Blended learning may suite South Africa best

Columnist Werner Olivier
Columnist Werner Olivier
Image: SUPPLIED

Many well-meaning education benefactors and commentators in South Africa have expressed that in the light of the Covid-19 pandemic, online self-guided learning could solve some of the current teaching problems and address the educational backlog.

What schoolchildren need, the reasoning goes, is to get free internet access to educational support materials on offer online.

Nothing could be further from the truth.

In fact, self-guided online learning is doomed to fail. Research shows an exceptionally high dropout rate — even in developed countries. Children simply have no incentive to keep at their studies without peer pressure, a teacher at hand or a structured learning environment.

Pupils need a lot more motivation to continue their studies than is offered with online learning.
Pupils need a lot more motivation to continue their studies than is offered with online learning.
Image: REUTERS / ATHIT PERAWONGMETHA

In SA in particular, with socio-economic disparities and related problems, the dropout rate would be even higher. More so in key subjects like mathematics and physical science where prior knowledge, conceptual understanding and self-motivation to succeed are critical.

The only answer, in the country’s unequal teaching environment, is a customised version of blended learning. Blended learning integrates computer-assisted online activities with traditional face-to-face teaching (chalk-and-talk).

In many developed countries, blended learning is a well-established practice. It has enabled these countries to adapt to the demands of the current pandemic. Digital remote learning and teaching is backed up by dependable infrastructure and skilled, motivated teachers.

By contrast, the differences between South African schools have been thrown into sharp relief. The binary system of a privileged minority of schools and the rest remains, despite the political changes more than 25 years ago.

More than 80% of public schools are under-resourced. They are ill-equipped to respond to the teaching and learning challenges of the 21st century — let alone the latest demands of the pandemic.

Very few schools had adapted to blended learning before lockdown and few schools would be able to adopt it during the lockdown. Therefore the schools that had fewer resources and skills will fall even further behind

The current lockdown has suddenly compelled teachers to adopt predominantly online, blended learning teaching practices. But nearly 90% of all households in South Africa are still without access to the internet at home. Very few schools had adapted to blended learning before lockdown and few schools would be able to adopt it during the lockdown. Therefore the schools that had fewer resources and skills will fall even further behind.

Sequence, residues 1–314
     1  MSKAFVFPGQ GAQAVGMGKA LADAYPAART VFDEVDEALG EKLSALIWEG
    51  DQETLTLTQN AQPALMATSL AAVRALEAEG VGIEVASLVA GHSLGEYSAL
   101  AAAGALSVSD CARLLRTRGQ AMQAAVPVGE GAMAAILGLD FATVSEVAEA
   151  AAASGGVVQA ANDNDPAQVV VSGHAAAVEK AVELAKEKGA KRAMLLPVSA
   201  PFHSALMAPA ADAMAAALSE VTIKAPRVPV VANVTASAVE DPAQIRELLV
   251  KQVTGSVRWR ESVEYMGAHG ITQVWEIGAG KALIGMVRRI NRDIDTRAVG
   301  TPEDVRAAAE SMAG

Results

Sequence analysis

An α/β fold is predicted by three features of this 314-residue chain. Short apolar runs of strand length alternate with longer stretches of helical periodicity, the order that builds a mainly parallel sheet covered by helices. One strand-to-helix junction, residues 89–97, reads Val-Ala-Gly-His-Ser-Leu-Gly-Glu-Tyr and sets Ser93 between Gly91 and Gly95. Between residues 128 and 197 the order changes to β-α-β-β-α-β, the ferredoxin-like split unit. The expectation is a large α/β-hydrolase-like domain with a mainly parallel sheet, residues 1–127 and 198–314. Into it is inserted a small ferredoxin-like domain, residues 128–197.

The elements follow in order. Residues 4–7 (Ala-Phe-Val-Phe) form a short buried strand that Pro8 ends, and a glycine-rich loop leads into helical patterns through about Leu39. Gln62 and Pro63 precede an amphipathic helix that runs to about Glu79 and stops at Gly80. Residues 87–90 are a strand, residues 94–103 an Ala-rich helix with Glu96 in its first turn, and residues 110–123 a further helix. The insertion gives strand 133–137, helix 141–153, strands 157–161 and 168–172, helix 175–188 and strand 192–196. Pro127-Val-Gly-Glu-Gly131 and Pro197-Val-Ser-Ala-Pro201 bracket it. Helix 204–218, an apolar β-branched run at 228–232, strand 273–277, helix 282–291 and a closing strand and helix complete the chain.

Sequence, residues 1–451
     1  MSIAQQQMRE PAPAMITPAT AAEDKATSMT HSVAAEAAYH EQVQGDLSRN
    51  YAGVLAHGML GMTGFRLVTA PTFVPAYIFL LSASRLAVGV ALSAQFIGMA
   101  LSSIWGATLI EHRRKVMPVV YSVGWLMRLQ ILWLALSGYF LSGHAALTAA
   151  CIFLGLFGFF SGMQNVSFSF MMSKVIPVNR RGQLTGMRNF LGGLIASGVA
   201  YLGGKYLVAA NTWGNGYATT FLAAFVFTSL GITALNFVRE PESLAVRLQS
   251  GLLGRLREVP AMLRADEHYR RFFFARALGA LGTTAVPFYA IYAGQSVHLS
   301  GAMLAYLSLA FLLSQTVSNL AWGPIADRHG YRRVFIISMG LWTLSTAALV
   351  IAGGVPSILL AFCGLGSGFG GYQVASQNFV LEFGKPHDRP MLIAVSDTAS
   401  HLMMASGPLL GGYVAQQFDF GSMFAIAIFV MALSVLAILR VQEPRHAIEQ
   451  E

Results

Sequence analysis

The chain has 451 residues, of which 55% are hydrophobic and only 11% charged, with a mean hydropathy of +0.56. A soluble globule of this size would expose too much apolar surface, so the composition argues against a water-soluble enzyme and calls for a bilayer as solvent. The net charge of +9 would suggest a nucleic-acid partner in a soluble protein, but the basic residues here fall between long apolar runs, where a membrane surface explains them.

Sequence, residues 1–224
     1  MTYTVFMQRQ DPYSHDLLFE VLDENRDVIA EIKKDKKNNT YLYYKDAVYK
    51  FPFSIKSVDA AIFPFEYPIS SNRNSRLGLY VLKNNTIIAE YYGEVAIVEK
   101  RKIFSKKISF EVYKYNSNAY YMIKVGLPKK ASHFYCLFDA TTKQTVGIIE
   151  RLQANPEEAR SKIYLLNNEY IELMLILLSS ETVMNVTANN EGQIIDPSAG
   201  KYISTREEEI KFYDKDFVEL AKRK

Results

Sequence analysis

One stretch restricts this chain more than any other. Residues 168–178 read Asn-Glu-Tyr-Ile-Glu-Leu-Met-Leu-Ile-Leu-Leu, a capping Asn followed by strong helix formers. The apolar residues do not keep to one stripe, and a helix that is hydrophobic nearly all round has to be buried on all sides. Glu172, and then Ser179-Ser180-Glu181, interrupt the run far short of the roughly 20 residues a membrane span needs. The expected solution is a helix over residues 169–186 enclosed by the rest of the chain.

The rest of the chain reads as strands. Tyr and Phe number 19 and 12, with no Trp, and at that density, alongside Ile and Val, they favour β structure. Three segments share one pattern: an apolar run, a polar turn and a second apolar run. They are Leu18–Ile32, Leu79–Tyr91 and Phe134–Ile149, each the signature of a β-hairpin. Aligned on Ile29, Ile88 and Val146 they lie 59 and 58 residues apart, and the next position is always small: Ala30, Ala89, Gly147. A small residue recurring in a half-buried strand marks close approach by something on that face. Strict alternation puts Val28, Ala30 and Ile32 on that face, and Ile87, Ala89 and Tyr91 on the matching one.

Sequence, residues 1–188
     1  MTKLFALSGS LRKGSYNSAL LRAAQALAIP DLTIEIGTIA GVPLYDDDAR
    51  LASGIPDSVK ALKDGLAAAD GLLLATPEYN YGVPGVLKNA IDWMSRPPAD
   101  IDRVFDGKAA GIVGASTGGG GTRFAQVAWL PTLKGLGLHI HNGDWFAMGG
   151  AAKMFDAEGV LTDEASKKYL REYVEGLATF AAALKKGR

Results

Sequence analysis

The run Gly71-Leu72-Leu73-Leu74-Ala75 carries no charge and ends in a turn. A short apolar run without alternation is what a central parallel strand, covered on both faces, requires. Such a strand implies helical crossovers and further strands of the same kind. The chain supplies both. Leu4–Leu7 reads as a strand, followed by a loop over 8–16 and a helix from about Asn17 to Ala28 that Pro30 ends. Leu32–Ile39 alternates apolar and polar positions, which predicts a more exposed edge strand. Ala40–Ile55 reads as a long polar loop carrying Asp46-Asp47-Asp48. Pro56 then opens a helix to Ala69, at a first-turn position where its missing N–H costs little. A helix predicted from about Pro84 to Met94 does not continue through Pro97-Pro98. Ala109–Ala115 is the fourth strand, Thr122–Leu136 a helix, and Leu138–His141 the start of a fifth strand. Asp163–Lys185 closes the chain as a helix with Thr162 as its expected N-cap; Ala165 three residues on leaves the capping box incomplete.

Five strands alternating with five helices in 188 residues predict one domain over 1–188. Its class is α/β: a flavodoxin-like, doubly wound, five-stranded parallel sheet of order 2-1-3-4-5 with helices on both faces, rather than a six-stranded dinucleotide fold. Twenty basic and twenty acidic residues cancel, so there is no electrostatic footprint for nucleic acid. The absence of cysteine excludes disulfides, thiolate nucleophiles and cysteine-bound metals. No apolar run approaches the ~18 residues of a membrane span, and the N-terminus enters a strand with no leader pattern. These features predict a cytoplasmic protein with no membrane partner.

This is especially disappointing since the current cohort of pupils (born after 2000) have long expressed their preference for a blended learning model. Even the recent recognition by the South African government that science, technology, engineering and mathematics are important in the Fourth Industrial Revolution has had little effect on the skills development of teachers, infrastructure or modernisation of resources in schools.

Therefore, in the South African context, mainstream blended learning is not the complete answer. We need to go beyond blended learning.

Since 2002, the Govan Mbeki Mathematics Development Centre in Nelson Mandela University in Port Elizabeth has wrestled with these challenges.

The bad news is that there’s no way to make the teaching and learning of maths and science easy. But we’ve developed a number of interventions that have lifted the twin burdens of poor training and lack of infrastructure from the shoulders of teachers. Skills development linked to the use of user-friendly and interactive digital resources has allowed teachers to focus on attaining a high quality of teaching with subsequent learning successes.

One of the centre’s more recent interventions is a mini personal computer called the GammaTutor™. This’s an offline device pre-loaded with interactive learning material. These resources have been specifically designed for South African school conditions. It has been piloted in the Eastern Cape schools with gratifying results.

The GammaTutor software package is primarily intended for teachers: when plugged into any data projector, a TV or digital screen, it doubles as a flexible maths and science teaching assistant in the classroom and a learner support resource for after school hours.

It’s well known that major educational challenges exist in schools as a result of the country’s multi-language society — particularly in the teaching and learning of mathematics. The GammaTutor application offers mathematics concept explanations in eight indigenous languages.

The device covers the full curriculum for high school maths and physical sciences, presented in video, PDF or animated PowerPoint format — along with glossaries, exam revision support, translations from English into indigenous languages and many additional teaching support materials. It can be used for interactive teaching online and remotely.

  • Werner Olivier is a professor in mathematics and director: Govan Mbeki Mathematics Development Centre, Nelson Mandela University. This article was originally published in The Conversation

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